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LuckyGuy's avatar

Does anyone know the origin of this drawing of a chef winking and making the "OK" sign?

Asked by LuckyGuy (29636 points ) 1 month ago

When I was a kid in the 1960s my parents to a pizza restaurant on Long Island that had this picture of a chef winking and holding up his left had to make the OK sign on their store front and pizza boxes.
I was recently at a diner established in the mid-1950’s in Rochester NY and saw the same guy on their storefront.
I recall seeing it somewhere else and he was supposedly saying “Top Quality”
Do you have restaurant or pizzeria in your area with the same winking chef? Where have you see this guy?
Does anyone know the origin of this drawing?

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15 Answers

kritiper's avatar

Chef Boi-ar-di

Adirondackwannabe's avatar

My first thought was it was Chef Boyardee but I looked at the box and it’s not the current version. Have they changed it?

LuckyGuy's avatar

I just looked at Chef Boyardee and it is a different guy. Thanks for the hint though.

dappled_leaves's avatar

To me, it always seemed like a watered-down (perhaps Americanized?) version of the typical chef hand gesture showing “this is delicious!” or “tastes like perfection!”. You know, the one where they put their hand to their lips, make a kissing (lip smacking?) motion, and rapidly open the hand.

Kinda like this, though it’s really the movement that counts.

Is there a word for this gesture? Surely everyone knows it.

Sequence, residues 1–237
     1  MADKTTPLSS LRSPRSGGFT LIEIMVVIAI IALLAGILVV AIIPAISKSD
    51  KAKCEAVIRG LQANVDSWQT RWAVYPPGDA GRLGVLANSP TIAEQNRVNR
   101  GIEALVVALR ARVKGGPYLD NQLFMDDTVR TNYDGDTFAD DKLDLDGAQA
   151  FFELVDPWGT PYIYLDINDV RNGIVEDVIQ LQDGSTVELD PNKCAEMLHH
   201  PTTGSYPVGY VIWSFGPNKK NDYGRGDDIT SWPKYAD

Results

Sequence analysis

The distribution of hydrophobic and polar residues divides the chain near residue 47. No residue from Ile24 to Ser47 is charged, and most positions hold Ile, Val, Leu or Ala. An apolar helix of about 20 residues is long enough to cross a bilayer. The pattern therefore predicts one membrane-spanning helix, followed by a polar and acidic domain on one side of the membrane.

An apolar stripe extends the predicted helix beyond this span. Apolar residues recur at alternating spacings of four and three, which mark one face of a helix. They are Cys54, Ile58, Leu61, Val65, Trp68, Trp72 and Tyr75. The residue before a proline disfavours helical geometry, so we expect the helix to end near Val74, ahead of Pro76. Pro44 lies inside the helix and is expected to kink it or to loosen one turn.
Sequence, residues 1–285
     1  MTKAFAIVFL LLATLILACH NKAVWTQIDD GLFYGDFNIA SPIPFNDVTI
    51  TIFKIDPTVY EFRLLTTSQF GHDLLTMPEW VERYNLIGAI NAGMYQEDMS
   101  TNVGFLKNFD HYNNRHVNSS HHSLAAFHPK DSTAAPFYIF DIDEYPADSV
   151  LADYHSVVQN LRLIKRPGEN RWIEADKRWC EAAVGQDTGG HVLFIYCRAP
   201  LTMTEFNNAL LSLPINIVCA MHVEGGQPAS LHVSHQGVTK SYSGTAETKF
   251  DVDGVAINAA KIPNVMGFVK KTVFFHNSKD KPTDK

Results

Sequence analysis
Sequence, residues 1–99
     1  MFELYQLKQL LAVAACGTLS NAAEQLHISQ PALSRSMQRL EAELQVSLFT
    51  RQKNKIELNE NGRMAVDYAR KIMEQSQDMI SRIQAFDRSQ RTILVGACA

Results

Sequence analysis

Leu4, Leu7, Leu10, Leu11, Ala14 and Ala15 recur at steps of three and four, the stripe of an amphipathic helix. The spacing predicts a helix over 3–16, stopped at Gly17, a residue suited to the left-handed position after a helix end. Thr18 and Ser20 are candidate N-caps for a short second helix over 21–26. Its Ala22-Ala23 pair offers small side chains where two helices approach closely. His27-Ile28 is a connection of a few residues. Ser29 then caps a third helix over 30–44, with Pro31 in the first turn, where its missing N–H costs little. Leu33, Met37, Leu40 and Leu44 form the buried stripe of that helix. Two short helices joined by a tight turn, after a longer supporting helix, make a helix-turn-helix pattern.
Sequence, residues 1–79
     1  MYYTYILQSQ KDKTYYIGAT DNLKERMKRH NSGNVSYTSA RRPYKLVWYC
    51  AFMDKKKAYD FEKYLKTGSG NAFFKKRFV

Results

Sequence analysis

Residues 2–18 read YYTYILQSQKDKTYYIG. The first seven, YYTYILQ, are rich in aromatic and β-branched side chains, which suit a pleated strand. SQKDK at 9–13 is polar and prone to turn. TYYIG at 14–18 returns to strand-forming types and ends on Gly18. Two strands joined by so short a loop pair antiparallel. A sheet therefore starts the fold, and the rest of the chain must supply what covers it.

Buttonstc's avatar

Ah, the wonders of free association..,

For some strange reason, the instant I saw that image, the phrase ” C’est Magnifique” popped into my head.

So I put it into Google Image but nothing came up for several pages.

So then I put in “C’est Magnifique, chef image” and it popped up twice on the first page.

So, my best guess is that this is a free stock image and restaurants advertising agencies or graphics depts. dropped the slightly pretentious phraseology and utilized just the image since it does get the point across.

But I’m assuming that some French guy came up with it a long enough time ago so that whatever copyrights there were have expired.

If you look at the image on the Google page, it’s pretty crude looking and obviously copied (mimeographed) so many times.

And, if there’s a slightly different version on some restaurant sign or pizza box, it must have been slightly reworked or cleaned up by whichever graphics guy had the account.

gailcalled's avatar

It is the classic French gesture for “délicieux, magnifique”: seen here in a tiny version

If you google understanding and using French gestures, you will learn an important ancillary part of how to speak French well with your mouth shut.

ucme's avatar

That hand gesture wouldn’t go down well in Turkey, roughly translates as “you take it up the arse”

LuckyGuy's avatar

@ucme Does the wink add to the meaning?

ucme's avatar

@LuckyGuy Certainly suggests the chef is “game for a laugh” as it were.

Buttonstc's avatar

Wow. I didn’t quite realize how ubiquitous this is (Turkey notwithstanding) as I hit the motherlode unexpectedly.

Just put “pizza chef, ok sign” into Googles image search and there are tons of pages with one or another variant, some more attractive looking than others.

But the interesting thing in common is that most of them are found on websites for royalty free clip art (like www.shutterstock.com).

So, that’s how it finds it’s way onto so much signage and box graphics. It’s totally free to use as is or morph slightly to convey the same thing.